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MontaVista buys into royalties

Apr 28, 2005 — by Henry Kingman — from the LinuxDevices Archive — views

MontaVista will offer royalty-based licensing, and expects to derive half its revenues that way, according to an article at CNET. The article also discusses recent and pending updates to MontaVista's product line. MontaVista is the largest embedded Linux provider, CNET says, accounting for half of embedded Linux revenues.

In the past, most embedded Linux providers chose to offer per-seat licensing of development tools, rather than royalty bearing OS licenses, the CNET story notes. In fact, much of commercial Linux's appeal has been attributed to its royalty-free licensing model, according to VDC analyst Chris Lanfear, as quoted by Stephen Shankland, author of the CNET story. According to Shankland, Lanfear noted, “The developers we survey routinely say the royalty-free aspect of Linux is the top reason for them selecting it.”

Per-seat licensing streamlines the purchase process somewhat, since only the engineering department need be involved. About two-thirds of LinuxDevices readers said they would not consider paying royalties in 2004, while almost 60 percent said they would consider paying for support.

Royalty-bearing licensing, in contrast, can reduce up-front costs, the CNET story says. Traditional embedded vendors such as Wind River often refer to it as a “pay-as-you-go” approach.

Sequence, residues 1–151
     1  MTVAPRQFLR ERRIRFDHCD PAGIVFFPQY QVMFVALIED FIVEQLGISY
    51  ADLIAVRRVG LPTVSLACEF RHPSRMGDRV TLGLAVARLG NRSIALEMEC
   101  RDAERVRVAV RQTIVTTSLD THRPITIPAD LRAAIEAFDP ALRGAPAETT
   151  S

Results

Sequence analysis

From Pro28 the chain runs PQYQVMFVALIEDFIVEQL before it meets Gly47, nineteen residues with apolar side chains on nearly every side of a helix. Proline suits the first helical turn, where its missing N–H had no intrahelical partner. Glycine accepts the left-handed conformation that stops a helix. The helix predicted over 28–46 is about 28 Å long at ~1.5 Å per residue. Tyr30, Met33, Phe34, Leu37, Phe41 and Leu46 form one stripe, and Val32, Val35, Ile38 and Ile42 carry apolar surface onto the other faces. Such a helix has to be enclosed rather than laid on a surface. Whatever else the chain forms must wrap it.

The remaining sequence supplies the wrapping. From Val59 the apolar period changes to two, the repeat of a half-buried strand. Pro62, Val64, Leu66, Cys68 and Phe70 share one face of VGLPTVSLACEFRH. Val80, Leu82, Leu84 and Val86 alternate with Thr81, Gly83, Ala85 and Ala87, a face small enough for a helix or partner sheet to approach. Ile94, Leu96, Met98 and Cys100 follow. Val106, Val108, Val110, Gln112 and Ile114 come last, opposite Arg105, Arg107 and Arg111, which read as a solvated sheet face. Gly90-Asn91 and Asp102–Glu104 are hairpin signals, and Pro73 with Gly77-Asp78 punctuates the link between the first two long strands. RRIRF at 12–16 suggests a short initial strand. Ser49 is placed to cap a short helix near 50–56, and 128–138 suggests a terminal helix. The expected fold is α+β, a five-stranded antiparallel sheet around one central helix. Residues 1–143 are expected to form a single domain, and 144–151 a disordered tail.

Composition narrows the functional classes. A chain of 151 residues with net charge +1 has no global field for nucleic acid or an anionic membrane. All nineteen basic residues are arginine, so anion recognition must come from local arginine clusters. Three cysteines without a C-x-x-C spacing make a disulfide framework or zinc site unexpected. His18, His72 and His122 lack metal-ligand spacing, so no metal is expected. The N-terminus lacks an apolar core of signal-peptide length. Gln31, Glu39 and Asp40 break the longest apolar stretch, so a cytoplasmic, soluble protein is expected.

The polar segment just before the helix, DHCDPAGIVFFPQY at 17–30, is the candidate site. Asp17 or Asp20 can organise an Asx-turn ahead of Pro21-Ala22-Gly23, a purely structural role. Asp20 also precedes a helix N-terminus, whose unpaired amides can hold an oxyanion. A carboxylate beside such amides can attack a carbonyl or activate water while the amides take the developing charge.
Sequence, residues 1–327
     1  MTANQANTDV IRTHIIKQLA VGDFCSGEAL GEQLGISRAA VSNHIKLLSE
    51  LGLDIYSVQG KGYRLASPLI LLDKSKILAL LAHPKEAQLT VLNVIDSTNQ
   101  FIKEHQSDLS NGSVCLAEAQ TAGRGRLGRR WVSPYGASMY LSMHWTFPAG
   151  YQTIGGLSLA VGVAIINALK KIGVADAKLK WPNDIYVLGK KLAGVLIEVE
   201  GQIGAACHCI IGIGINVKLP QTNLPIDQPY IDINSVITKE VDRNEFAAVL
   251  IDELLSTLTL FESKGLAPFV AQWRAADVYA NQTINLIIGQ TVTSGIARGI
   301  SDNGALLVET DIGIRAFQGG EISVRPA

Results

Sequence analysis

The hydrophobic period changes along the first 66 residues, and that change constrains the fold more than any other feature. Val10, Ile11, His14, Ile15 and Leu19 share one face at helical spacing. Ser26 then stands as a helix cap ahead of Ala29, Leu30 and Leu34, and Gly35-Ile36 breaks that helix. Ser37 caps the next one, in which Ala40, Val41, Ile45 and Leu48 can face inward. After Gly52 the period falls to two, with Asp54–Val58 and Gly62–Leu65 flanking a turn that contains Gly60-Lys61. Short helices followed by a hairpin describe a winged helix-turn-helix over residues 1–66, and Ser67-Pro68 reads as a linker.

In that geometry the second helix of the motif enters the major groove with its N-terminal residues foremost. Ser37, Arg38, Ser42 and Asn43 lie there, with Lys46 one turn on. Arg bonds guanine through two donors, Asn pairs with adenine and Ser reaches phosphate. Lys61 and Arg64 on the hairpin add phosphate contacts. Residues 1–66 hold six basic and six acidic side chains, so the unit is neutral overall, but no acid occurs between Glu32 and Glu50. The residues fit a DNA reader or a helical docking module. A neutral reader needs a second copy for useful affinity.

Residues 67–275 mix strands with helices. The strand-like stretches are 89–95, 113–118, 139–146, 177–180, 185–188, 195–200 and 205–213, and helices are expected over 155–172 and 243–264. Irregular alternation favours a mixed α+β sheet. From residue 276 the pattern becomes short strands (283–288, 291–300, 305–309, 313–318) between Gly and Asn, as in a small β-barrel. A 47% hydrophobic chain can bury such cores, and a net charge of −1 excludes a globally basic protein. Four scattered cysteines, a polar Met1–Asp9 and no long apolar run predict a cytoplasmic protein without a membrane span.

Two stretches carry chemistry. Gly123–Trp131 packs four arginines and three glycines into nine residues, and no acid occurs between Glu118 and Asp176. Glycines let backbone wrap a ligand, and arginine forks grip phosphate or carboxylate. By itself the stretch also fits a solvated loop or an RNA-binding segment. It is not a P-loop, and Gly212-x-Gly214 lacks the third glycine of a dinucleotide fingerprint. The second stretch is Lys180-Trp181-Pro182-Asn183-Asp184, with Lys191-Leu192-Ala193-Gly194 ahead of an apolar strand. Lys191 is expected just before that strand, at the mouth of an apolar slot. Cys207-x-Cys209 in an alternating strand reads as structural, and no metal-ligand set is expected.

Ironically, MontaVista was a strong opponent of royalty bearing licenses early on. In a February, 2000 interview, LinuxDevices asked founder and CEO James Ready, “Given that you're not going to charge royalties, how will you generate revenue?” Ready replied, “The opportunity with Linux is to not increase the cost of the customer's product, but rather to decrease it, by not having runtime royalties. Our goal is to develop a business relationship with these customers that satisfies our financial needs in other ways — via our 'subscription' program.”

MontaVista the early leader

The CNET story notes that MontaVista is the early leader in the nascent embedded Linux market, citing VDC estimates that it earned about half of the $65M spent on embedded Linux products and services in 2003. The company has 220 employees, and is growing, according to the CNET story.

However, MontaVista's Dev Rocket development tools are “comparatively weak,” and MontaVista faces increasing competition from Wind River, Enea and TimeSys, according to the CNET story. TimeSys and Enea both sell tools that made EDN Magazine's hot 100 list.

MontaVista last week introduced Mobilinux, it's distribution for phones and other mobile devices. The company launched a vendor ecosystem around Mobilinux in February, so the move to royalty-bearing may have been prompted by a desire to offer integrated licensing in tandem with third-party software available only under royalty bearing licenses. On the other hand, MontaVista's growing focus on phones may be responsible — mobile phones have some of the highest volumes among all consumer devices, if not the highest.

Additional details about MontaVista's evolving product strategy can be found by reading the story at CNET, here.


 
This article was originally published on LinuxDevices.com and has been donated to the open source community by QuinStreet Inc. Please visit LinuxToday.com for up-to-date news and articles about Linux and open source.



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